A series of articles, this one being the 1st, addressing investors and their decisions. In particular, whether other factors than rational considerations play a role in the investment decision process, and if so, what the practical consequences and applications are for investors. We will start with the concept of the “Homo Economicus”, the backbone for the notion that investors make decisions rationally, and its challenges.
The notion that investors make decisions not just rationally but for many other reasons may come across as “stating the obvious”. Is not that just what we humans are about: subjective, flawed by biases, capable of extraordinary intelligence as well as astounding stupidity, gifted as well as restricted? Do not we see in the smaller as well as the bigger decisions made day-to-day by ourselves as well as by people in the limelight (be it politicians or celebrities) that decisions are not just made rationally? In fact, whether we humans are rational beings, yes or no and to what extent, has been a central topic in philosophy for as long as the records go back. And it seems that what view prevails is like a tipping scale, whose balance varies.
On the one end of the scale the view that we humans are largely driven by animal instincts (central in Sigmund Freud’s theory) and on the other end the view that we are rational beings (put forward by Descartes, Adam Smith and others). The idea that we are rational beings is central in many economic theories, captured in the term “HOMO ECONOMICUS” (2): humans are rational and self-interested actors who have the ability to make judgments toward their subjectively defined ends. People seek to attain very specific and pre-determined goals to the greatest extent with the least possible cost.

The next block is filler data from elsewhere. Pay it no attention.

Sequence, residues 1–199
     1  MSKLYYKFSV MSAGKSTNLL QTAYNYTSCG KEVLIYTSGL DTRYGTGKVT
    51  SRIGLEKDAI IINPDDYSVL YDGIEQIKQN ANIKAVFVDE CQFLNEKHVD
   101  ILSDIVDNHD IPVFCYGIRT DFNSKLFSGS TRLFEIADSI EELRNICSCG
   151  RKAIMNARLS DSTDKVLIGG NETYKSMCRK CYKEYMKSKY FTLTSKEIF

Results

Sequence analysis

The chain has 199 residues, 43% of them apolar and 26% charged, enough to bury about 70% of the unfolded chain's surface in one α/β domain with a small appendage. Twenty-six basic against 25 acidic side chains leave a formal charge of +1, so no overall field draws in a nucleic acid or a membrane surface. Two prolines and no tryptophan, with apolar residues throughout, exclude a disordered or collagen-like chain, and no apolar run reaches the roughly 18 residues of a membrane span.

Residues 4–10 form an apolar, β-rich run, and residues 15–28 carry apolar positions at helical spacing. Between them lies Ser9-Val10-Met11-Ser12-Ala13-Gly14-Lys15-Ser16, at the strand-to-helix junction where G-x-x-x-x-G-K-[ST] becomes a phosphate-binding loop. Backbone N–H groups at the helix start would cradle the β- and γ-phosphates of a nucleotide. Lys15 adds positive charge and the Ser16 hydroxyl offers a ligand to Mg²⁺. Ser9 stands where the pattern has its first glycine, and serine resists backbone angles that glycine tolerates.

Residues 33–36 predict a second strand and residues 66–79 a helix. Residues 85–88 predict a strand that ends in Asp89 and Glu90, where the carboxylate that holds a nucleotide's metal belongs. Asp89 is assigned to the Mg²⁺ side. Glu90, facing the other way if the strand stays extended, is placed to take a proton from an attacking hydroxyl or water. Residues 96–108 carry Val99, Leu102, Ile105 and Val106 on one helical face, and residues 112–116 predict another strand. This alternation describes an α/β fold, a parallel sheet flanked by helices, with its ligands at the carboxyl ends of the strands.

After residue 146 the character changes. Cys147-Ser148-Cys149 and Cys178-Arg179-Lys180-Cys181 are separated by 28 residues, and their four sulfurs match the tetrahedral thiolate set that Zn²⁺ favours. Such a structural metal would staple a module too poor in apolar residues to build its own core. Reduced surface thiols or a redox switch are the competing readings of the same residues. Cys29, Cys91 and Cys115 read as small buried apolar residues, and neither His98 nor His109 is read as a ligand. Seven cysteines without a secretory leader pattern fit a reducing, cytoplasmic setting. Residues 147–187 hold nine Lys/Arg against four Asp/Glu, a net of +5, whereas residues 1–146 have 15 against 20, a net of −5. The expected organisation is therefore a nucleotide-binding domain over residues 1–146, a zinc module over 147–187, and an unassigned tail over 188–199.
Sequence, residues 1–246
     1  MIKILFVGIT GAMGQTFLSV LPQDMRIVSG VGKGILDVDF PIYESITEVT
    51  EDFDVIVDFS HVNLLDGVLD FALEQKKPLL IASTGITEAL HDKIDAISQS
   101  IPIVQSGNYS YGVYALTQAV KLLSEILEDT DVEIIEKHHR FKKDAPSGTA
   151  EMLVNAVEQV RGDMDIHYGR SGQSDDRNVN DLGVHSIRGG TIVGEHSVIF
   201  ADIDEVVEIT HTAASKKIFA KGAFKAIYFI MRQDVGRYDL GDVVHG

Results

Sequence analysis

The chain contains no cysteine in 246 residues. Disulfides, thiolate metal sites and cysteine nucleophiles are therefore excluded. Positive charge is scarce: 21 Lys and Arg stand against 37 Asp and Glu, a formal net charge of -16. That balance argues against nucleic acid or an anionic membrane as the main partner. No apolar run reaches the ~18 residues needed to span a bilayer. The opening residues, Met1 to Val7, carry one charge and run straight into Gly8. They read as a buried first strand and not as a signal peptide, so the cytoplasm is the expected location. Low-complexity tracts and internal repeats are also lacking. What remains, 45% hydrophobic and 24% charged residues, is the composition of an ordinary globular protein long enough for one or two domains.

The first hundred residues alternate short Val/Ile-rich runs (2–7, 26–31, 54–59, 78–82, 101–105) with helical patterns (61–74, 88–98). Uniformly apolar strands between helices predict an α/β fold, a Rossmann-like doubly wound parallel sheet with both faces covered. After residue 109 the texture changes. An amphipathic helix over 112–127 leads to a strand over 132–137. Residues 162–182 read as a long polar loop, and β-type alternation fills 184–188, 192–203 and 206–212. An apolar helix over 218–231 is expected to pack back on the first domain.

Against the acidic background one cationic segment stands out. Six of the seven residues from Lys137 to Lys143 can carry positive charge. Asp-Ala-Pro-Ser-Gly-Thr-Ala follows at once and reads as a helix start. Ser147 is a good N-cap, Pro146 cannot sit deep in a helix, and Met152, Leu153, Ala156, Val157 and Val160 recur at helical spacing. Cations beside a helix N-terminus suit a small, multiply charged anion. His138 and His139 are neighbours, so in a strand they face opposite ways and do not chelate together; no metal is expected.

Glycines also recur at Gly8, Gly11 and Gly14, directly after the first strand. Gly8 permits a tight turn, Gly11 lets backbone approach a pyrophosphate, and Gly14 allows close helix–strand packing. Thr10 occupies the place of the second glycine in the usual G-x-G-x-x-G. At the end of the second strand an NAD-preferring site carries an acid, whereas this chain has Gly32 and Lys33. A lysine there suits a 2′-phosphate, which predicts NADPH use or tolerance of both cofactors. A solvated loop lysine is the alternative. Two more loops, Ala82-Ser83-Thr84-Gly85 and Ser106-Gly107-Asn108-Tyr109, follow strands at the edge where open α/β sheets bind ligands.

The “self-interest part” is well put forward in the following simple example given by Adam Smith (3):
“It is not from the benevolence of the butcher, the brewer or the baker that we expect our dinner but from the regard to their own interest”.
In these articles I will focus more on the “rational decision making” characteristics of the homo economicus.
So, in a way, it is understandable when viewing investing as an “economic activity” that it was the science of economy that started to make assumptions about investor behaviour rather than the science of psychology; and that this assumption became “the homo economicus”. So, the assumption was made that investors make their decisions rationally. And this notion nicely ties in with the idea that financial markets are rational and efficient, as put forward by the efficient market hypothesis (4).
In finance, the efficient-market hypothesis (EMH) asserts that financial markets are “informationally efficient”. According to the EMH, stocks always trade at their fair value on stock exchanges, making it impossible for investors to either purchase undervalued stocks or sell stocks for inflated prices (5).
Note: In consequence of this, one cannot consistently achieve returns in excess of average market returns on a risk-adjusted basis, given the information available at the time the investment is made (6).